In 2009 this became apparent when the nation’s then favourite cuisine, Indian, was replaced by perceptively healthier Chinese meals.
Now with the impact of the recession still lingering in people’s wallets, and with diners increasingly looking for an experience when they eat out, what cuisines will stir the nation’s heart in the future?
According to Allegra Strategies’ How Britain Eats 2010 report, the nation’s favourite cuisine to eat when out of home is now British, with Chinese following in second place.
The result may be attributed to the rise of quality simple, robust British dishes now served at many pubs, the popularity of ‘home-cooked’ comfort food resulting from economic instability, and the growing interest in local produce.
But while Chinese cuisine is forced to take a backseat for now, Steve Gotham, executive director at Allegra, predicts a rise in demand for healthy Asian concepts as a whole.
“There will be more interest in Asian cuisine, particularly street-inspired aspects, but more so for those that are price competitive and tick the healthy option boxes too,” he said. “There will be more healthy options on menus as a whole across all cuisines, although they will be promoted discreetly.”
Street food from around the world will continue to grow in popularity off the back of successful casual dining concepts like Wahaca and Pho. Mobile street kitchens will also be big news this year, with Canteen set to follow the likes of Byron, Jun Tanaka and The Meat Wagon.
“Consumers are looking for adventurous dining offers – meals they can’t replicate at home,” added Gotham. “Sharing and grazing platters that help consumers to enjoy a meal at a lower cost will become more popular across all cuisine types.”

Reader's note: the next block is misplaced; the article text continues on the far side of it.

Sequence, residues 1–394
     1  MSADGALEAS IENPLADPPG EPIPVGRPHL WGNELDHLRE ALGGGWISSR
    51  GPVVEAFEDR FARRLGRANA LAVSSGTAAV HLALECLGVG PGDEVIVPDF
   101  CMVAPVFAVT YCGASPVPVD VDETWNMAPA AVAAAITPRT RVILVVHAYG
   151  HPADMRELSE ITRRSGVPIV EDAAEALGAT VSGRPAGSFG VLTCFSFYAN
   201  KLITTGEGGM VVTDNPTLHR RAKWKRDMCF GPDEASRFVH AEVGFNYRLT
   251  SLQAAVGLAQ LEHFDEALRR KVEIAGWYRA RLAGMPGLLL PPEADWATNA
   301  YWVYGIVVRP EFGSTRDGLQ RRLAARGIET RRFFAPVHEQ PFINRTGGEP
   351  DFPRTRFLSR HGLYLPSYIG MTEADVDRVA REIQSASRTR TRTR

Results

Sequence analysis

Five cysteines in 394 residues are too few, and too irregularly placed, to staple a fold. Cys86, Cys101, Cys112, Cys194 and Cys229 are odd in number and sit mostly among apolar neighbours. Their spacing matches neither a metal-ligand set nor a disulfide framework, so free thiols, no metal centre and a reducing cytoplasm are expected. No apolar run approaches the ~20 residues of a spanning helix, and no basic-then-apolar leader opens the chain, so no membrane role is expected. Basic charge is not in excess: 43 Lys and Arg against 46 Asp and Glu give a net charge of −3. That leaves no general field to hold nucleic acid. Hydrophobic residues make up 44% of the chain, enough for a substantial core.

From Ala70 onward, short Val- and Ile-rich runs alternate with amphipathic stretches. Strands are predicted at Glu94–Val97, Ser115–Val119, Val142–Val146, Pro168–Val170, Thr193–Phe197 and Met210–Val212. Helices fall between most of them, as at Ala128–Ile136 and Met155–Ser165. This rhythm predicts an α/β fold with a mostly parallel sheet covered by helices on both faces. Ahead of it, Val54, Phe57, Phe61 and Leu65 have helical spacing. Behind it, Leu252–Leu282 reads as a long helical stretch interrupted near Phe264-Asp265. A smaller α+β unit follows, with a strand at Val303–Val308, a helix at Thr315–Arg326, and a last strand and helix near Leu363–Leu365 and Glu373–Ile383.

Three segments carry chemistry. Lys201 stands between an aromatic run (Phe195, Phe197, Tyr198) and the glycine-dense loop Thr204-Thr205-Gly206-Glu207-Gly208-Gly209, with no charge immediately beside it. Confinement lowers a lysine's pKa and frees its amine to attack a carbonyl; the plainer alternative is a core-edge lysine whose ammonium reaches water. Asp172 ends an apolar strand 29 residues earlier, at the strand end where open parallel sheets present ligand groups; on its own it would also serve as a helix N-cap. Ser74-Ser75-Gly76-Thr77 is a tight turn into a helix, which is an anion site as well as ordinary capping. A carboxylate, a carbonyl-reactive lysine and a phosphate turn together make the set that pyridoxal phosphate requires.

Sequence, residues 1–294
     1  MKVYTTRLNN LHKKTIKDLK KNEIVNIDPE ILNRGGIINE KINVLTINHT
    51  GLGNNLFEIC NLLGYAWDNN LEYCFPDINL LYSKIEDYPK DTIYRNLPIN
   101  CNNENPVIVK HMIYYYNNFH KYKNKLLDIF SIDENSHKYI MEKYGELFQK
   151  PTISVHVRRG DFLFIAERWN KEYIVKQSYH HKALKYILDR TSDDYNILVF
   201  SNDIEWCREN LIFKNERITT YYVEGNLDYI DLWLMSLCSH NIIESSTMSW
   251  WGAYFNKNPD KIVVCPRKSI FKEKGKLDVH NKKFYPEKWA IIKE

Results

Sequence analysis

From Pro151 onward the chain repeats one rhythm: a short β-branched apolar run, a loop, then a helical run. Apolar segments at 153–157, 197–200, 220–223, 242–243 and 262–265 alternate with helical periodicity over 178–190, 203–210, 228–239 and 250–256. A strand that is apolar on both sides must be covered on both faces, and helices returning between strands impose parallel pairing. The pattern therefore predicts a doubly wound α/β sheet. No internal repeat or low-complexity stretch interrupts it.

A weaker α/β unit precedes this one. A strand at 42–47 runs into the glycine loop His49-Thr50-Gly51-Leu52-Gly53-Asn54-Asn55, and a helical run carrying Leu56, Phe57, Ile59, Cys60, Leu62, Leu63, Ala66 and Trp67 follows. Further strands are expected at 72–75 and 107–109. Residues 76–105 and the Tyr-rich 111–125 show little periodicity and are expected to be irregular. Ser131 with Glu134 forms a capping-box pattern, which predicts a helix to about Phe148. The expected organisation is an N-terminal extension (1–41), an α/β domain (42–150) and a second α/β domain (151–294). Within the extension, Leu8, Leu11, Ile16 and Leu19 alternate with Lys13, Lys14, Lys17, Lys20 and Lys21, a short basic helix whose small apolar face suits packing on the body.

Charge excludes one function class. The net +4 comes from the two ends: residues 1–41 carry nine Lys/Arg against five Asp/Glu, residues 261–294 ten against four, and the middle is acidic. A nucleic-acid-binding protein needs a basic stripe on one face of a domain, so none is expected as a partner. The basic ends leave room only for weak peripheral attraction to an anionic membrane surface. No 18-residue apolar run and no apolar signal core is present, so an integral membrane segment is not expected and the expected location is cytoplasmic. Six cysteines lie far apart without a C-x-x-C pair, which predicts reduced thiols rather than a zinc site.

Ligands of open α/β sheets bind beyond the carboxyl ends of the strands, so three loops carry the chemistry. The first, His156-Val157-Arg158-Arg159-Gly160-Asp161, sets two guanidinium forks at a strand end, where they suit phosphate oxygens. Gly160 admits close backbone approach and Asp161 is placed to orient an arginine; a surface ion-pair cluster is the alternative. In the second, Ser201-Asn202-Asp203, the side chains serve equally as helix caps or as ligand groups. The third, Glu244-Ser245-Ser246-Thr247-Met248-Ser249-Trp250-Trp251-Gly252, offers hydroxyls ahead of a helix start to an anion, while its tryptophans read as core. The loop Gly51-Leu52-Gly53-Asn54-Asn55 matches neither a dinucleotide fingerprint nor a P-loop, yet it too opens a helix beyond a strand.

Other popular cuisines set for growth this year include casual Mexican, which has seen an explosion in the capital with the expansion of Barburrito, Chilango, Tortilla and Wahaca, plus the introduction of US brands Chipotle and Cantina Laredo.
Its popularity in London however is set to spread to other cities across the UK in 2011 – the Chilango operators have already acquired a site in Brighton for its eventual expansion outside the capital.
Nordic-inspired restaurants looking to replicate the success of the World’s Best Restaurant Noma will also slowly emerge, with London’s North Road and Verru already setting a trend.
Off the back of Briton’s love affair with simple, robust dishes, steak and barbecue restaurants are already beginning to gather pace across the country, with the opening of the second Hawksmoor, Jamie Oliver’s Barbecoa, and the first non-London site for Gaucho Grill in the last few months.
2011 promises to continue the trend with the launch of Wolfgang Puck’s CUT at 45 Park Lane, Caprice Holdings’ 34 Grosvenor Square, plus Gaucho’s first CAU concept in Guildford.
With so many cuisines saturating the market it's no wonder that Indian food is no longer a firm favourite amongst diners (ranked as the fourth most popular cuisine by Allegra). However, its evolution into a concept to be enjoyed all-day and in street food form may well see its subsequent rise to power in 2011.
Next Monday (17 January) we’ll be taking a look at the flavours and food pairings likely to shape the restaurant industry over the next year.